‘They were anxious to get started’: Spokane Public School students begin first day of school at home
SPOKANE, Wash. — More than 30,000 Spokane Public School students started the first day of school on Monday. It was full of nerves and excitement for some kids.
Corina Fletcher, a sixth grade teacher at Woodridge Elementary, started her day bright and early.
“Usually on the first day of school I can’t ever sleep because I’m just so excited for school to start,” Fletcher said. “This year has come with more apprehension than normal years because we feel like we’re brand new teachers all over again.”
Fast forward to 8:30 a.m., students were waiting for her in the Microsoft Teams lobby.
“I wish they were in person,” Fletcher said. “I wish that we were all sitting in front of each other, but this is the next best thing.”
On Monday, her classroom was empty. Desks with no students and no backpacks on the ground. Instead, Fletcher saw her students through a computer screen.
“They were excited to get started, maybe a little nervous,” she explained. “There were a few that were a little apprehensive as to how all this was going to go.”
The day started with a few technical hiccups.
“We had some kids stuck in the lobbies or their video wasn’t working or their sound wasn’t working,” Fletcher said.
She even had to get out of the virtual classroom because of technical issues.
Another issue Fletcher noticed was listening to what student was talking. It’s one thing being able to see them in person and look up. With more than 15 students in a virtual class, trying to figure out who is talking was a challenge.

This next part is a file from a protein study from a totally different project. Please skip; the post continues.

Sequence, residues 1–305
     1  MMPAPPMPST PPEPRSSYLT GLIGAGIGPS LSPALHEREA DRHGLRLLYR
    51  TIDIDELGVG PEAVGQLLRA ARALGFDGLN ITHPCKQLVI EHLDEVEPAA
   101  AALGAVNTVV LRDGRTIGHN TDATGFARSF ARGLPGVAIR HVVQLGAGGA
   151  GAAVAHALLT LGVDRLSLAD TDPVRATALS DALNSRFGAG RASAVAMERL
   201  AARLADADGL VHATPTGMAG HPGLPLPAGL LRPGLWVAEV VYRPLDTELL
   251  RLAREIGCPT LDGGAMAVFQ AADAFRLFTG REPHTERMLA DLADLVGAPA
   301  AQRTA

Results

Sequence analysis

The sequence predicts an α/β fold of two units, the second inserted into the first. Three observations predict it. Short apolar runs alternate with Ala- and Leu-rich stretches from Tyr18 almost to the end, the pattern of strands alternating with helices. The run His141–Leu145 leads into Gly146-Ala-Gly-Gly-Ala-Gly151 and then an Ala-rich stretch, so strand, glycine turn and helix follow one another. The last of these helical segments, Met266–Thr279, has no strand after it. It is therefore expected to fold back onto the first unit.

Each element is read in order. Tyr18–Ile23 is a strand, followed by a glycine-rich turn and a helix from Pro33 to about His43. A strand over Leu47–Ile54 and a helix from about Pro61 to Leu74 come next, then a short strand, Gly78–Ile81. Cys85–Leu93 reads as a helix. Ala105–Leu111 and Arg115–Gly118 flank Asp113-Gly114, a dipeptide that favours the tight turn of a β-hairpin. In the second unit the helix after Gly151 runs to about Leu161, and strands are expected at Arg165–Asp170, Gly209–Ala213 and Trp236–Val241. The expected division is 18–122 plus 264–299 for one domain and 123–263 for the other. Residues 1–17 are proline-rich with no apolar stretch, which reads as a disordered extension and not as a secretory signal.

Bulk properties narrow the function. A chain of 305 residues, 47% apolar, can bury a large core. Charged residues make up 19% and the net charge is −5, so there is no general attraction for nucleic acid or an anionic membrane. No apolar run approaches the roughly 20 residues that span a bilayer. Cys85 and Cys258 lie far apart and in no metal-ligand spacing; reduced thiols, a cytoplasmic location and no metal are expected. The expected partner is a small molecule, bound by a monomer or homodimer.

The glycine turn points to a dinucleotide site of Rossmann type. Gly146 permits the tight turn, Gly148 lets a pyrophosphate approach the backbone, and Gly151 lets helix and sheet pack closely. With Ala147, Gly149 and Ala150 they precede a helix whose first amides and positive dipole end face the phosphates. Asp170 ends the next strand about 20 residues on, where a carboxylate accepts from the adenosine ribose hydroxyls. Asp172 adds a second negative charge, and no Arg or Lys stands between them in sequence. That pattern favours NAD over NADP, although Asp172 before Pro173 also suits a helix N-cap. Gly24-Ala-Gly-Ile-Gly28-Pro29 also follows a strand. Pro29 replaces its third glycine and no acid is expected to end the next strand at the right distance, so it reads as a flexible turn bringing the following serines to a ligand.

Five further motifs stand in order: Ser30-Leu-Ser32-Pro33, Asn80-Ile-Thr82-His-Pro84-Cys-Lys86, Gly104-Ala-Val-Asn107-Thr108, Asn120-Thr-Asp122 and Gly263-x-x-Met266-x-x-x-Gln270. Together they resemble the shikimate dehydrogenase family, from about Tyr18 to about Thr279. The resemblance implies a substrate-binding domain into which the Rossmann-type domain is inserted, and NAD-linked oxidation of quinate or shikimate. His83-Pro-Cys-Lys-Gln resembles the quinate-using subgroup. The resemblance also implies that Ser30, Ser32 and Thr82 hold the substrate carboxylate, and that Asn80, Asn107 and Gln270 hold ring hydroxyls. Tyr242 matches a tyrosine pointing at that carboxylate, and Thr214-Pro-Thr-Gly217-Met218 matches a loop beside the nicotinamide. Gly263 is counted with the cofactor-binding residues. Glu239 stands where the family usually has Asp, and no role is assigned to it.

“Hopefully they’re learning to say their name if I don’t respond right away,” Fletcher said.
Fletcher’s student-teacher came up with a solution so everyone doesn’t talk at once.
“So if the kids are needing to mute themselves, I can hold this up [a mute sign] and that way they’re ready to mute,” Fletcher explained, “and if they’re ready to talk, then we can go like this [hold up unmute sign].”
Fletcher is also having to adjust where she is teaching. SPS teachers aren’t required to teach at school. However, Fletcher wanted to.
“It’s weird for me to stay in one place as I’m teaching because normally I’m dancing around this classroom.” she said.
Through the challenges, Fletcher said it’s about figuring it out together.
“If COVID has taught us one thing, it’s to be flexible,” she explained. “And expect the unexpected and we’ll roll with it. I feel like if we can do this, we can do anything.”
Though she is excited to hopefully see her students physically when the time comes.
“When we come back in person, it’s going to be even better,” Fletcher said. “But until then we got it. We got this.”
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